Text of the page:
photo sim3_zps229544cd.jpg

In an attempt to recoup money theoretically lost to piracy, EA has managed to destroy one of their strongest, longest-running and best-loved franchises (the first version came out in 1989). The PR and business disaster will probably lead to an apology in the form of "free downloadable content"  and a round of bonuses to the executives.


Of course this blog isn't a gaming one, so lets take a look at the other place the game failed: in allowing one to design a livable city.

SimCity has never been entirely realistic. That's ok; it's a simulation, but it's also a game. They have to balance "fun" with "real", and obviously take into account technical limitations. That being said, SimCity 4 launched a decade ago, and was a fantastic game. In the years after launch, the game was improved massively, thanks to dedicated work by fans to add new transport options, buildings and more. The fundamentals couldn't be changed, but so much was improved that one starting SC4 for the first time should load up on the various modifications before playing if they want to receive the real city building experience.

For a fan, the wish list for SC5 was a short one

-Mixed zones (the series allows residential, commercial, industrial, and density levels within each)
-Curved streets
-Progressive transit options (streetcars, BRT, gondolas etc)
-Improved transportation modeling
-Modern ideas - cycle tracks, congestion pricing etc
-Improved graphics


The core of the game was so solid that the wish list should have been easily obtainable, especially after a decade of progress - it doesn't take much work to improve on "fantastic".

Instead, the newest game is a massive step backwards.

Want to design an urban paradise?

Than I hope your dream is a tiny Phoenix, because that's all you're going to get.

Not only did the game not add mixed use, but now density is tied to the kind of road you build (not transit or zoning). Want a modern subway system? Nope, not available, even though every game in the series has let you build one. Streetcars? They've been added - but only running in the middle of a 6 lane "avenue". Pedestrian malls? Of course not, and don't even ask about bikes.

It might be 2013, but Sim City 5 will let you simulate 1950's America, and not much else. Curved roads were finally added to the city - perfect for those new cul-de-sacs!

By the way, you'll note I said "tiny Phoenix". Apparently the new graphics engine isn't very efficient, because the city sizes have been limited to "comically small". Further, every city is surrounded by a green belt. That may have been a progressive idea a century ago, but today we tend to frown upon giant expanses of empty space separating land uses...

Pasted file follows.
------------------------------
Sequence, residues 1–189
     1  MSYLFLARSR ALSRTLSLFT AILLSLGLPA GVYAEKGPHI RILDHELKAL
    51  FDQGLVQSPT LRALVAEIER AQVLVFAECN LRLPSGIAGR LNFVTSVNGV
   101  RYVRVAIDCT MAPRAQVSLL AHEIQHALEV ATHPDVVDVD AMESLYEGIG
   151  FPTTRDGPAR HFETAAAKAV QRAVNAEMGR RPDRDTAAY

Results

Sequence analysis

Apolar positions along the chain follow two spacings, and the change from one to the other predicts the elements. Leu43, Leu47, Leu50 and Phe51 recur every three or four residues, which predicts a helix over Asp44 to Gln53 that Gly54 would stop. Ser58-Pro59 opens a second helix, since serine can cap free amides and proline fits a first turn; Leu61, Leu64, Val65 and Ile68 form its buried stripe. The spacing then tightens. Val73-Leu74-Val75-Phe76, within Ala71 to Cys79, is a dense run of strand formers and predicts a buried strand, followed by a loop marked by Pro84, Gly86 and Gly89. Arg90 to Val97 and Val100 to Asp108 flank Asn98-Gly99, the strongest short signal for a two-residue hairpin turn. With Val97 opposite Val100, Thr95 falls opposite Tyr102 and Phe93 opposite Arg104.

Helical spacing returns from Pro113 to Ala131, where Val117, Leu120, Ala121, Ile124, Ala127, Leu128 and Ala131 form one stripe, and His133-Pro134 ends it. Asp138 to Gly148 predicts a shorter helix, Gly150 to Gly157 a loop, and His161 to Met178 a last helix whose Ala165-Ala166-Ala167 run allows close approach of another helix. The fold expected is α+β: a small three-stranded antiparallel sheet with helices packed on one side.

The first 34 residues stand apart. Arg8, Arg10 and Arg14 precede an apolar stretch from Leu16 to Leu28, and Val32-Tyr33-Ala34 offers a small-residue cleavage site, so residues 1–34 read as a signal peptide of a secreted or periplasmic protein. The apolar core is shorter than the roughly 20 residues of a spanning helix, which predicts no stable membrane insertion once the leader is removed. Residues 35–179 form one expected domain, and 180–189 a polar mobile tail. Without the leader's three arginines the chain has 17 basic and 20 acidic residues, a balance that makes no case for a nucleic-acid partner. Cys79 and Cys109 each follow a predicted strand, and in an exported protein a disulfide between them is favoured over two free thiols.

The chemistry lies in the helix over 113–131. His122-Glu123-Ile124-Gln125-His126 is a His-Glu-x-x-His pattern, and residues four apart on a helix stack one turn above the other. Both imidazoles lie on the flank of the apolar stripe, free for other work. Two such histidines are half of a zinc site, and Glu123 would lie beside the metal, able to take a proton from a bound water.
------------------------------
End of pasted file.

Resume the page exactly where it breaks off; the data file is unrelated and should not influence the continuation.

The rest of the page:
Resigned yourself to designing a small town? Well forget agriculture - that's also been stripped out of the game. 

Note the highway at the top of the screen - it can't be modified. The game revolved on the assumption that every city is connected to the region by interstate-highway.
 photo simcity5_zps9283b0fd.pngSource: Giantbomb.com review (3/5)

One can hope that the brand isn't damaged enough by this debacle that we do get a SimCity 6. And maybe by then the developers will have looked around and realized that there's more to city building than wide roads and single-zone development.

One last word of advice if you do purchase the game (assuming the server issues are ever resolved, and you like rewarding failure). Don't expect to spend dozens of hours crafting the perfect city. The game has disasters, like zombies, which can't be turned off, and because the game is "always online", it's impossible to reset to a previous version. 

Thursday, March 7, 2013

Just what Clovis needs, another Mcdonalds

Not content with having opened two new locations in Clovis in the past couple of years, and rebuilding the other two, Mcdonalds will be adding yet another location to the fine city.

The location will naturally be open 24/7, have dual drive-thrus, and operate in one of the most visible intersections of the city.

The new location will be at Shaw and Clovis, across from the Sierra Vista mall and the Fresno-Clovis bike trail.

New location is x, existing Mcdonalds in the immediate vicinity marked as well.  A and C are the Mcdonalds outside the Wal-mart and the Mcdonalds inside the wal-mart, a theme that you find at every regional wal-mart. B is a mile away on Ashlan and Clovis and was completely rebuilt last year.

 photo mcdonalds1_zps3da60707.jpg

(you don't want to know what this map looks like if other fast food locations are added)

Naturally, the drive-thru is what will front both Shaw AND Clovis, completely killing pedestrian interaction for the next decade or more.